So, why this haste to feign ignorance of the controversial ex-British PM’s visit. “me kauda; mokada karanne” (Who is this? What’s he doing) was a political slogan made famous to promote ex-President R. Premadasa once upon a time. It seems apt for the secretive Tony Blair, too, these days.


Anniversary gift: Call the President on 1919
One of the new programmes that President Maithripala Sirisena initiated to celebrate his first year in office was the launch of several methods by which the public can contact him and address their grievances directly to the  President’s Office. The President himself announced the programme via his Twitter account on Friday morning stating;” Starting today you can contact me via #TellthePresident on the mobile app, by dialling 1919, tell@presidentsoffice.lk, or PO Box 123,Colombo.”

A picture of the President answering the first telephone call was also posted along with this announcement. When a query was made from the President’s Office as to who was to make the first call; it was revealed that it was none other than one of his many advisers, lawyer Shiral Lakthilaka.

A President’s Office source said the people could call in with their grievances through these modes of communications which will be attended to by the staff of the office handling the work and prompt replies will be given. In cases where urgent attention is required, the President himself will intervene personally.

No bras, but glowing bouquets for Pearl Fishers opera
While Sri Lanka has been mired in a raging bra-flinging controversy over an Enrique Iglesias open air musical event last month, theatre critics in New York are raving over an opera set in Sri Lanka — but in the good ole days when we were called Ceylon.
Judging by the avalanche of positive reviews, the New York City metropolitan opera apparently has a “sleeper hit” on its hands — Georges Bizet’s. “The Pearl Fishers” (Les Pecheurs de Perles), recounting the story of two secret lovers (aren’t they all secret in Sri Lanka?) who are discovered and condemned to death (certainly not a Goigama- Karawa or a Sinhala-Tamil love affair of more recent vintage).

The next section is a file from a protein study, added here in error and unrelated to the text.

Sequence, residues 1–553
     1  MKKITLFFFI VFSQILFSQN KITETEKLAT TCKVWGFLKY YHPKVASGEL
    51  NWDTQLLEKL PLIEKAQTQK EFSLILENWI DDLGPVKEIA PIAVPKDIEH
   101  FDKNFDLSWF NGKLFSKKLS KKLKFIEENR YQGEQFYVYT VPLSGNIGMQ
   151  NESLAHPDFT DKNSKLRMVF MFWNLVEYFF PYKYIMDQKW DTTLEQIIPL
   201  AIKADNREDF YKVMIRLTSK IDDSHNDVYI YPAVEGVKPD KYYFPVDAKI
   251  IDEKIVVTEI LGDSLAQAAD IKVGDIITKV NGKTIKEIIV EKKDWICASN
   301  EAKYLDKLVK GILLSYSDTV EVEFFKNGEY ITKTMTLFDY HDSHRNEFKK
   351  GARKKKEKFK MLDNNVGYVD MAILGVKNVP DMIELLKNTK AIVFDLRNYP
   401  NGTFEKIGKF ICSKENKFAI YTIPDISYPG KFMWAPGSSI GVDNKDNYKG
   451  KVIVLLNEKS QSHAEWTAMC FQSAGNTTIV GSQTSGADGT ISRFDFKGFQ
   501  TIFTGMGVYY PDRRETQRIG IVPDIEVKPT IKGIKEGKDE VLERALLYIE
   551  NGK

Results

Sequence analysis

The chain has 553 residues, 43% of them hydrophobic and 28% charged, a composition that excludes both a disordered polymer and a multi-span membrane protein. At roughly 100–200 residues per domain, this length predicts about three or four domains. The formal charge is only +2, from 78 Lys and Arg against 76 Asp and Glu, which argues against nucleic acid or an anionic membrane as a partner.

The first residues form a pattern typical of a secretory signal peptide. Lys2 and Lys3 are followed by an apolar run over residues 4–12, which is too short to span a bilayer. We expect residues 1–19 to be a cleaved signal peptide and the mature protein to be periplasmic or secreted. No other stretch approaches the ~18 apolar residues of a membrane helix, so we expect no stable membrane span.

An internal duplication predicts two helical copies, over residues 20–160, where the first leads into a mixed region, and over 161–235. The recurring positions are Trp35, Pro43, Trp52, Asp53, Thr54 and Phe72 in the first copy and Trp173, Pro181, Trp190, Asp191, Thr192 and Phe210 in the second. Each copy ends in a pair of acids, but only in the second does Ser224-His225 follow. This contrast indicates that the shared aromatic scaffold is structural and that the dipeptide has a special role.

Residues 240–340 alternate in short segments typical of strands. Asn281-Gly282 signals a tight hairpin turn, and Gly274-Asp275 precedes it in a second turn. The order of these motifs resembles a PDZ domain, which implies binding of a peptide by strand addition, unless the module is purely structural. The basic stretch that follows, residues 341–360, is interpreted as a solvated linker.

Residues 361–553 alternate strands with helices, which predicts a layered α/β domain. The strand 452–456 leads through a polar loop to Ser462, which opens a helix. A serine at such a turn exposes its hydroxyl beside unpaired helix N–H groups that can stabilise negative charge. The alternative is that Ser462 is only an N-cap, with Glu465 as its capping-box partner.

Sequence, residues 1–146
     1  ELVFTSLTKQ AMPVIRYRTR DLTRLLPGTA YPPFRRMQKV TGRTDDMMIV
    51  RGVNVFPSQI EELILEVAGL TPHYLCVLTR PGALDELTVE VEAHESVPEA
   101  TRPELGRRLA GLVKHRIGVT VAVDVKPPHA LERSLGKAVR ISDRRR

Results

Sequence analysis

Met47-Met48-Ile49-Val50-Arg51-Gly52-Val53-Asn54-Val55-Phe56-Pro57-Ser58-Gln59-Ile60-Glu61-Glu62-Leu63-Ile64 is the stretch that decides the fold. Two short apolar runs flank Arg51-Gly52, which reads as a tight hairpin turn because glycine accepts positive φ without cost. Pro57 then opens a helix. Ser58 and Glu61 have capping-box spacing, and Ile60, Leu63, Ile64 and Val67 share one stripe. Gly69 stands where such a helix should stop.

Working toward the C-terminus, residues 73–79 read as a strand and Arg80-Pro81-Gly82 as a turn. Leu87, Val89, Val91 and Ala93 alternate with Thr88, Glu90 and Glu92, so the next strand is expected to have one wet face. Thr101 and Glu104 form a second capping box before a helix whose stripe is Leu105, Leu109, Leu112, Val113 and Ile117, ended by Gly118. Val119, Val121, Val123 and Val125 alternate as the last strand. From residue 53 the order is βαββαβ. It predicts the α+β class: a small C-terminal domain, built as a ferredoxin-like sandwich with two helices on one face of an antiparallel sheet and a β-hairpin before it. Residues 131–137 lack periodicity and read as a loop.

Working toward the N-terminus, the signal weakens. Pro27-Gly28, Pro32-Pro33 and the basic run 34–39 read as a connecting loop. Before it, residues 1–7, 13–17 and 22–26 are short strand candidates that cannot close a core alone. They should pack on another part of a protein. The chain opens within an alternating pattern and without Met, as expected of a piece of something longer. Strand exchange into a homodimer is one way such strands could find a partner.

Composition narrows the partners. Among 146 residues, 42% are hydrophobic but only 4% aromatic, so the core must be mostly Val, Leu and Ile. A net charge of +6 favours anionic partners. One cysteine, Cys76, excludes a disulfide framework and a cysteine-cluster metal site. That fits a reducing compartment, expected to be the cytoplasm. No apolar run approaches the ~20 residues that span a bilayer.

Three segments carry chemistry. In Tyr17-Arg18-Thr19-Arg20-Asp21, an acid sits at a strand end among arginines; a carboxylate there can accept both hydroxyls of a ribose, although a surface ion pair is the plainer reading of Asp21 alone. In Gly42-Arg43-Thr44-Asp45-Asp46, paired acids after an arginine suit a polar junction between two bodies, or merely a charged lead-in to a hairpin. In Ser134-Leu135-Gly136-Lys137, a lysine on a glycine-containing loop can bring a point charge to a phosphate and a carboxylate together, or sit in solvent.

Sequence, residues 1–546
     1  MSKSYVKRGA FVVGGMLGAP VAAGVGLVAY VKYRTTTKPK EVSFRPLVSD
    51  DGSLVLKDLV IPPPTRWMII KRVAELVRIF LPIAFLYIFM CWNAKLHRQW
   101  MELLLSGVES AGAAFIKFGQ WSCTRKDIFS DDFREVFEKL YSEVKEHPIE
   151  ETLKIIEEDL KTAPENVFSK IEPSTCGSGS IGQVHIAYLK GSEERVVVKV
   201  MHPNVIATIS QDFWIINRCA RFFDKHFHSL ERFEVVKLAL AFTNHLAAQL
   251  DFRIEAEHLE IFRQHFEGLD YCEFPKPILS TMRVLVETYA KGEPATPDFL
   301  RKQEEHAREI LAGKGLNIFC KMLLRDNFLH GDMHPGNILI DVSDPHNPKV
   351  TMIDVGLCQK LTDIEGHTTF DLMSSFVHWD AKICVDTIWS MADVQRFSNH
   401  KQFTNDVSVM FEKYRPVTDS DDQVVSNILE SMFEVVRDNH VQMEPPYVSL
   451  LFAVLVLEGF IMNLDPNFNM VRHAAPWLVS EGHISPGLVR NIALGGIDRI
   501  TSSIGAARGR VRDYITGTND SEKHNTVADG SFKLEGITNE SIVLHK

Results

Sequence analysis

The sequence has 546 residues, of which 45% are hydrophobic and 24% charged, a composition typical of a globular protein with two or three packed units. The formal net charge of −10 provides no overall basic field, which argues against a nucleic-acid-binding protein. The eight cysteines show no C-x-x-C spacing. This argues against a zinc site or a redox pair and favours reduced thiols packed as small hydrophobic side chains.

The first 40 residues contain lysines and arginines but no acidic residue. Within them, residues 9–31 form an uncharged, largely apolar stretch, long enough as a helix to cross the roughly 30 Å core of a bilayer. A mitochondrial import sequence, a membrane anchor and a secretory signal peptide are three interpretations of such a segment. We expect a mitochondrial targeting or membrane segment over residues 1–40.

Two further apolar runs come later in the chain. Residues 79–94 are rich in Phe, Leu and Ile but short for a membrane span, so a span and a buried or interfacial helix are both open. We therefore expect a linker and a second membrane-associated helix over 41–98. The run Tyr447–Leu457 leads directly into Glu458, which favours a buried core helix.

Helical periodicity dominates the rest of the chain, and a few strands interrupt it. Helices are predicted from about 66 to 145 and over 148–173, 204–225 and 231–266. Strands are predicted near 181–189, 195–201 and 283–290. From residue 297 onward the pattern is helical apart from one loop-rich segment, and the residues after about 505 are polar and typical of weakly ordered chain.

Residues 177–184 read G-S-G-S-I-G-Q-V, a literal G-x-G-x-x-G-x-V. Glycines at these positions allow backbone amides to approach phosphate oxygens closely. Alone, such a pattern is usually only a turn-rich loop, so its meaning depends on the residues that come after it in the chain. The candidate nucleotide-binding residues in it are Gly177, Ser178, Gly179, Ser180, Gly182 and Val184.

“At the end of the act, a violent storm (not a tsunami) breaks out, sending the villagers (probably on the shores of a pearl-diving village in Mannar) into peals of anguished singing”, according to The New York Times review (minus the parentheses).
In one scene, three actors (not Sri Lankans in amudes or loin cloth) are seen dangling on stage from unseen wires searching for oysters in the sea bed.

The New York Observer calls the opera “a masterpiece … everything about it is a treasure.” The Huffington Post calls it “a spectacular success and it should secure the opera a place in the repertory for years to come.” And The Wall Street Journal describes the opera as “vocal and literal pyrotechnics on stage.”

All these — with a reference to Ceylon where the ill-fated love affair takes place. The French composer is also well known for Lakme, an opera set in British India in the mid-19th century. The haunting music in the Pearl Fishers, someone once suggested, should be adopted as the theme for SriLankan Airlines. But it never did.

Coincidentally, the opera is scheduled to close on February 4 – the Sri Lankan Independence Day. But its run is likely to be extended judging by the reviews.

Saatchi & Saatchi calendar: Bad  massage for Police
Year 2016 does not seem to have dawned with good forebodings for the Police Department. Road accidents and murders are on the increase and a spokesperson is fighting almost daily to create a new image.

The latest instance is a calendar, which portrays the police in a rather unflattering light. The calendar, the concept and design of which is that of a leading international advertising firm Saatchi & Saatchi, is filled with colourful caricatures, to mark special days including Police Day which falls on September 3.

However the caricature for the day, instead of showing policemen standing smartly assisting the public, shows a rather flabby looking man in uniform lying on his stomach and dozing away, while a rather weary criminal is seen giving him a massage.
While it is unlikely this portrayal of the Police will go down well with those in the Department, it does portray the rather poor image that police personnel continue to have in the public eye.

As one witty retired Police officer asked; is the well-known advertising firm forecasting that criminals will get the better of the Police in 2016?